We’re back with another episode of Info Matters, en Français!
Our most recent episode, recorded in French, is a celebration of the Francophone language and culture in the lead up to International Francophonie Day on March 20.
Ontario has the largest French-speaking minority community in Canada with more than 600,000 Ontarians identifying French as their first language and over 11 per cent of Ontarians who speak both English and French — an increase of more than 7 per cent in the last decade! They live particularly in the east, northeast, and centre of the province, with an increasing percentage now living and thriving in Toronto. Nearly one million children are learning French in publicly funded schools representing the next generation of Ontarians.
The roots of the Francophone community in Ontario run deep. They are a vibrant and dynamic people who stand proud of their heritage. The French Language Services Act recognizes French language as a “historic language of Ontario” and an official language of our education system, our courts, and legislature.
Despite this long history, Francophones may not always be aware of their right to access public services in French or their right to file a complaint when French language services from Ontario government institutions fall short. Similarly, they may not be as aware of their right to access information or their right when it comes to privacy protection.
In this episode of Info Matters, I sat down with Kelly Burke, Deputy Ombudsman and French Language Services Commissioner of Ontario to discuss the challenges and opportunities of reaching out to this distinct audience. Commissioner Burke shares a few of her outreach and networking tips with me and together, we explore potential future collaborations between our offices to engage with Franco Ontarians and increase awareness of their rights when it comes to language, access, and privacy. You can listen to the full episode here.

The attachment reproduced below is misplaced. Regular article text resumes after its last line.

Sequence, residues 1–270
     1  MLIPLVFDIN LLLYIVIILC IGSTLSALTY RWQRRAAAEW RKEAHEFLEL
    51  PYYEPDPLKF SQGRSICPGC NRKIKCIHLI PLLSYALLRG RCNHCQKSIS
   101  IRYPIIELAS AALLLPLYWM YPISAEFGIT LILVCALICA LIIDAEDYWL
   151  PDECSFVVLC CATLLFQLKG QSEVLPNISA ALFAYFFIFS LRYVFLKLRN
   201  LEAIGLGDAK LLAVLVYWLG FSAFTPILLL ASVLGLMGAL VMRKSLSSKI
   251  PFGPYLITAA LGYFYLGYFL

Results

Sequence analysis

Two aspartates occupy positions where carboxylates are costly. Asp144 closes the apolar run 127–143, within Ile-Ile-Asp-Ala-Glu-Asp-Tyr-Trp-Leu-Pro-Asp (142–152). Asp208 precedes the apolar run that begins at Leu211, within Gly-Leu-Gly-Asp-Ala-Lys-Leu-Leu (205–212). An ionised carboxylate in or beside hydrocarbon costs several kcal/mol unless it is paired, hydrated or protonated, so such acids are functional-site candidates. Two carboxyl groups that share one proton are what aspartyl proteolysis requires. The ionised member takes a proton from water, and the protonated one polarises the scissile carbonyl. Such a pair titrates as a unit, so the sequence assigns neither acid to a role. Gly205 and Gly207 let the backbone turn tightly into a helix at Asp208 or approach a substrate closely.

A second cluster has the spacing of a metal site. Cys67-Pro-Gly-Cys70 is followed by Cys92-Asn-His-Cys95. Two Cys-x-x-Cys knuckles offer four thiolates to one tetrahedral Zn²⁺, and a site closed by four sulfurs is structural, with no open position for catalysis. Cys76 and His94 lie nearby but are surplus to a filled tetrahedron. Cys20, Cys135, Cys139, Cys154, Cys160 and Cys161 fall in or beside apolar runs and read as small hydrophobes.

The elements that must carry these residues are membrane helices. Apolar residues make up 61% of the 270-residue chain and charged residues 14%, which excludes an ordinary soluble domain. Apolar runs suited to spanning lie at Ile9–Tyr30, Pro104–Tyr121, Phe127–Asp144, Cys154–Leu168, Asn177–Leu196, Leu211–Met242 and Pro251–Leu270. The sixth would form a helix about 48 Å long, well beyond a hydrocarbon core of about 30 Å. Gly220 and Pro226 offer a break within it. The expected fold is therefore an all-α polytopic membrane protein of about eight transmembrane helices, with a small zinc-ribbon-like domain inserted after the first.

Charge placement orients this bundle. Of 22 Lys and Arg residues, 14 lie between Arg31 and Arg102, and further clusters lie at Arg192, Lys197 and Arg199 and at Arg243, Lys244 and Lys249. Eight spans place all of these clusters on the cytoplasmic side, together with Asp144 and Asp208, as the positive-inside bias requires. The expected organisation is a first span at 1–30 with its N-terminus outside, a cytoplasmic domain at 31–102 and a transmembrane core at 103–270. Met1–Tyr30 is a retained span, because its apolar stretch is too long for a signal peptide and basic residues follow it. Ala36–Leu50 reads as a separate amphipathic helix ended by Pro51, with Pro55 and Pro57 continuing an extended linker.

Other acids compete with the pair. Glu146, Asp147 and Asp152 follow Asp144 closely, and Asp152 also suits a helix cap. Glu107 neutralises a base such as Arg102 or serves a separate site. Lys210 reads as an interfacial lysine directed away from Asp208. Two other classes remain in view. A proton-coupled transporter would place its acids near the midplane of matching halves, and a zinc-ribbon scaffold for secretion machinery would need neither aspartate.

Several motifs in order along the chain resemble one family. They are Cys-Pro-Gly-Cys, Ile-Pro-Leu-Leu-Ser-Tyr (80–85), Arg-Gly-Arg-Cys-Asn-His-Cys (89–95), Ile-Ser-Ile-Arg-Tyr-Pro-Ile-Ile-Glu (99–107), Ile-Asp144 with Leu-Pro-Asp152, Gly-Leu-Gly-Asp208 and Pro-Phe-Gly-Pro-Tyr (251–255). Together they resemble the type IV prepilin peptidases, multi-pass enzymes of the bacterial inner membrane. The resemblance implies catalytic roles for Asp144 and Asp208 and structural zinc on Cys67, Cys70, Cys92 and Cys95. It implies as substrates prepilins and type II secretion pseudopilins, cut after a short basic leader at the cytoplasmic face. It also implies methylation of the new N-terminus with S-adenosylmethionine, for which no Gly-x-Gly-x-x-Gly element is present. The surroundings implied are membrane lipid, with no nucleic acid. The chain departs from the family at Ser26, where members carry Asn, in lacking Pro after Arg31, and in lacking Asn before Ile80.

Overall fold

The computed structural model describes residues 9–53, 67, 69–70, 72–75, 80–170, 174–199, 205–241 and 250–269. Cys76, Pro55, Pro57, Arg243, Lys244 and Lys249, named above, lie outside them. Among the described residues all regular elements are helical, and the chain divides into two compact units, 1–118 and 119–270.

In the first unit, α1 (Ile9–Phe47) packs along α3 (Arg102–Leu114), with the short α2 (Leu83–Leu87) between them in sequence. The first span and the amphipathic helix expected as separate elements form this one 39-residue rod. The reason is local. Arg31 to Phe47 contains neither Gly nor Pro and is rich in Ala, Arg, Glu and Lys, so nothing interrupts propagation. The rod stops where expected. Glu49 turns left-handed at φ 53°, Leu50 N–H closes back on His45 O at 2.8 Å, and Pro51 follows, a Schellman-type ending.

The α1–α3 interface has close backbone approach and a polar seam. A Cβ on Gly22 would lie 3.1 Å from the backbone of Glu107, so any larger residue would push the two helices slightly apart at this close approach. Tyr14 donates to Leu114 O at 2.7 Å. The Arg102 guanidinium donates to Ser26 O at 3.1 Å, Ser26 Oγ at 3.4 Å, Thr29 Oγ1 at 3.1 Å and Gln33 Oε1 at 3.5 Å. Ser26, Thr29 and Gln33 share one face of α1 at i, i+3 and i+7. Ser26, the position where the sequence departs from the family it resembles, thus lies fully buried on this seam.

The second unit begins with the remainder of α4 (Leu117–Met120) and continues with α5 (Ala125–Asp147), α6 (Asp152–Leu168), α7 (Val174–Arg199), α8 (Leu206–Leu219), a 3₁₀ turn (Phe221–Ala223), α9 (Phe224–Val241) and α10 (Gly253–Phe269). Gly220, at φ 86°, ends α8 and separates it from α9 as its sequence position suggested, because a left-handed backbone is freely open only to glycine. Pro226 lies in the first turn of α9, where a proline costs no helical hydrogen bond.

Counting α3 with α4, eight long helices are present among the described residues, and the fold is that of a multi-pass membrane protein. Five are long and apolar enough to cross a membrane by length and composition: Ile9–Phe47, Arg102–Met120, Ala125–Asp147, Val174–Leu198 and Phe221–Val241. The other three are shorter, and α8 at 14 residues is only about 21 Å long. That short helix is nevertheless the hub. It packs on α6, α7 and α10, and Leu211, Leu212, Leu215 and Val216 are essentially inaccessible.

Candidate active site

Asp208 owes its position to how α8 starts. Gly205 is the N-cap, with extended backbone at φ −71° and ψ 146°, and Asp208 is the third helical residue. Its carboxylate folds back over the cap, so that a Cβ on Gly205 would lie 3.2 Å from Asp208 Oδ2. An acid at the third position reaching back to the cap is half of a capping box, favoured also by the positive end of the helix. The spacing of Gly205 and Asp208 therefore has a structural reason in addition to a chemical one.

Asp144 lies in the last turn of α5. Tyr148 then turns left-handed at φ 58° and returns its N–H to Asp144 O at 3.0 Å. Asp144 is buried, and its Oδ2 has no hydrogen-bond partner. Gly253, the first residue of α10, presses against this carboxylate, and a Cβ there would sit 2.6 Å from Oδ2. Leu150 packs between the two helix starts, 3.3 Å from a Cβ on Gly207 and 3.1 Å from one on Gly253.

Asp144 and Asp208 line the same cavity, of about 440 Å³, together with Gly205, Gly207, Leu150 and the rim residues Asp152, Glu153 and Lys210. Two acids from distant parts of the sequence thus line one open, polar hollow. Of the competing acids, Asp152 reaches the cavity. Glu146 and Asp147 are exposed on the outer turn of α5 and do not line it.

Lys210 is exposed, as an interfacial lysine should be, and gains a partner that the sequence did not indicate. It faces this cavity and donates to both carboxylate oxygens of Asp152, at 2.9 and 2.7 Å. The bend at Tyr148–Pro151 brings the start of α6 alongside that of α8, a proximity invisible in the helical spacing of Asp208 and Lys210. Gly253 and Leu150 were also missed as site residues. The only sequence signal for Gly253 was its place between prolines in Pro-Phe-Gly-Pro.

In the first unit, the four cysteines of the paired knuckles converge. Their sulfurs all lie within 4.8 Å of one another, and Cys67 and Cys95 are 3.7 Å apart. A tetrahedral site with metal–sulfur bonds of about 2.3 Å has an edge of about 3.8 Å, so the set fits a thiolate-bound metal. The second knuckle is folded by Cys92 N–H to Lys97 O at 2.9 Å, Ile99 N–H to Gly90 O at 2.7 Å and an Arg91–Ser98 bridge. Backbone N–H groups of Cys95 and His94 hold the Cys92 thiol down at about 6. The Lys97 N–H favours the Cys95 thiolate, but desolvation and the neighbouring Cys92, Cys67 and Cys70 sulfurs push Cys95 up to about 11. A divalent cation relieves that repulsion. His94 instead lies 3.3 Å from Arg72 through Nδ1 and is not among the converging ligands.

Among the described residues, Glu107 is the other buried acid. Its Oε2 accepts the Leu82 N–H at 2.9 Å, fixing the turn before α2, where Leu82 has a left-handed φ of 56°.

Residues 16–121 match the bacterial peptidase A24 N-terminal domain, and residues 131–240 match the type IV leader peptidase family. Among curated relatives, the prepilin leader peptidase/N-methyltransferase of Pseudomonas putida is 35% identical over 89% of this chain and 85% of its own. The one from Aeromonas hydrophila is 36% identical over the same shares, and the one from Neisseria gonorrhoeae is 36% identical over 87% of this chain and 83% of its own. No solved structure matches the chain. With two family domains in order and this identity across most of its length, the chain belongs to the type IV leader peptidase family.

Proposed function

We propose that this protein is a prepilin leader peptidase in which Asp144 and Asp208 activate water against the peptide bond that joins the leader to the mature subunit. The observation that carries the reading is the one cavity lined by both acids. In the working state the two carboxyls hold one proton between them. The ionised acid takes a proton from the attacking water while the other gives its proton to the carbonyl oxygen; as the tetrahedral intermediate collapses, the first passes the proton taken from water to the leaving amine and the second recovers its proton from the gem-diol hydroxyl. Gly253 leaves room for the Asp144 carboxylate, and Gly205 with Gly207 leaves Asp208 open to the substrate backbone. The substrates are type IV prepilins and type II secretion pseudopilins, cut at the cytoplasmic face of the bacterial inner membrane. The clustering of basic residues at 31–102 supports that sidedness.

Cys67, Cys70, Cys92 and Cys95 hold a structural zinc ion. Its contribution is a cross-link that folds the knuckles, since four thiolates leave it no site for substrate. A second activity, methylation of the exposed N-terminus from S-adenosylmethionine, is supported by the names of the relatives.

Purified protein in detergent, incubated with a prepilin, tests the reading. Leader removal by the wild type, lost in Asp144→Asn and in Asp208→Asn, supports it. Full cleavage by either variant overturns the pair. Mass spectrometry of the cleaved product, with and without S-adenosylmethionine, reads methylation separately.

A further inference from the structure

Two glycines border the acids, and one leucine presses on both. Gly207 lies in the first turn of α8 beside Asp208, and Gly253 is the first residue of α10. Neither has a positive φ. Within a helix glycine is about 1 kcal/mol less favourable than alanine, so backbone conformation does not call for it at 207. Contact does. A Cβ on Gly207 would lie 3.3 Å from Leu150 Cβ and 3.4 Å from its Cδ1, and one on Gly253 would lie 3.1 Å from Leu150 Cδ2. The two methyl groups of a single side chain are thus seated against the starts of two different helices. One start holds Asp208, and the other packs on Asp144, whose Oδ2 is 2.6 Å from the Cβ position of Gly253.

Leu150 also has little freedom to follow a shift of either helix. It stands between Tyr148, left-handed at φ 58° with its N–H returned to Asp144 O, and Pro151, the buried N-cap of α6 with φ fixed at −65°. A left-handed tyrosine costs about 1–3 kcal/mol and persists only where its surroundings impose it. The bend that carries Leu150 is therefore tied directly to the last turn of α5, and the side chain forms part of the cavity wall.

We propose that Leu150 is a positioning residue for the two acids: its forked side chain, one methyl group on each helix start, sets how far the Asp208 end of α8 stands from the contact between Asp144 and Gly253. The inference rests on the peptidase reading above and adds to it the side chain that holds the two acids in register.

Connecting with Franco-Ontarians has been a priority for me since I became Commissioner last July and I remain committed to that objective. While I can’t travel across the province to meet Francophones within their own communities just yet, I hope this podcast episode serves as a warm welcome to Ontario’s vibrant Francophone community.
We’re always interesting in hearing your ideas for future episodes. If you have an access or privacy topic you’d like to learn more about on the Info Matters podcast, send us a tweet or email us at [email protected].
This post is also available in: French